After three decades, most polluted U.S. neighborhoods haven't changed

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License

Creative Commons Licence

Creator(s)

Contributors

Contributed date

August 3, 2020 - 3:02am

Critical Commentary

This article reflects on the disparate levels of air pollution faced by specific communities, usually low-income communities and communities where people of color reside. More specifically, the article also addresses the ways in which disparate exposure also changes the risk of developing respiratory illnesses and cancer. We can think of this articles in terms of the implications respiratory illnesses and developing cancer has on these communities as particularly situated in th COVID-19 pandemic and as increasing the chances of developing serious complications from the virus.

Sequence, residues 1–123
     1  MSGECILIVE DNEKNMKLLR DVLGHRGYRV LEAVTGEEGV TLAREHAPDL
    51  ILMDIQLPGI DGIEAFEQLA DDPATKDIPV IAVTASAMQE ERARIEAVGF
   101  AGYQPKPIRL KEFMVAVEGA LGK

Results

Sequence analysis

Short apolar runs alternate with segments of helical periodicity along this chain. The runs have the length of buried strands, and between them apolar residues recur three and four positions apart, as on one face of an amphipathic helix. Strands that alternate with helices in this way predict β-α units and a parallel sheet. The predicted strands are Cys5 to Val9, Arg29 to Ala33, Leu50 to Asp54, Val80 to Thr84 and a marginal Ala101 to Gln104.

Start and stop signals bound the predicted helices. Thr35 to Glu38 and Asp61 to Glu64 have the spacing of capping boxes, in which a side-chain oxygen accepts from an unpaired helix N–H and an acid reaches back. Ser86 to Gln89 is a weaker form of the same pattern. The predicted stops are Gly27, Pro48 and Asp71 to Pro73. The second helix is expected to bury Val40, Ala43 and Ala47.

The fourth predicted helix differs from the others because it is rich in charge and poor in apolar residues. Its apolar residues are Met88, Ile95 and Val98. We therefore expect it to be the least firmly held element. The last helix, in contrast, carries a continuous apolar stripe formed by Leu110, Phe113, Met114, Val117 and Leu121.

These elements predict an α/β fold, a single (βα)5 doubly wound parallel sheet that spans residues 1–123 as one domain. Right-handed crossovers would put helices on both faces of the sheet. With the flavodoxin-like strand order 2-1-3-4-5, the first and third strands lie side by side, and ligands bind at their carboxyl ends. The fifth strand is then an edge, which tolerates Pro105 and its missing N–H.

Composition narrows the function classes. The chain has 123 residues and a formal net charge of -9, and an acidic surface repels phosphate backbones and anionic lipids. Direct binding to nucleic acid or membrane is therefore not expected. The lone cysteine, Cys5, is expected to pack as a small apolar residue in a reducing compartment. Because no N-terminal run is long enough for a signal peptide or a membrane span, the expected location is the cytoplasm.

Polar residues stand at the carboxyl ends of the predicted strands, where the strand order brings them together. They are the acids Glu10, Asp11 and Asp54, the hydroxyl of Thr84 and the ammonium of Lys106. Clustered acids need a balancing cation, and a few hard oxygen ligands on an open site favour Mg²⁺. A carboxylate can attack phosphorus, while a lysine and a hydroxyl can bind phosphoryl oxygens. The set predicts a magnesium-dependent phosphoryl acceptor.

Source

Groom, N. (2020, July 30). "After three decades, most polluted U.S. neighborhoods haven't changed." Reuters. Retrieved from https://www.reuters.com/article/us-usa-environment-pollution/after-three...

Group Audience

Cite as

Nichola Groom, "After three decades, most polluted U.S. neighborhoods haven't changed", contributed by Briana Leone, The Energy Rights Project, Platform for Experimental Collaborative Ethnography, last modified 3 August 2020, accessed 26 November 2022. https://energyrights.info/content/after-three-decades-most-polluted-us-neighborhoods-havent-changed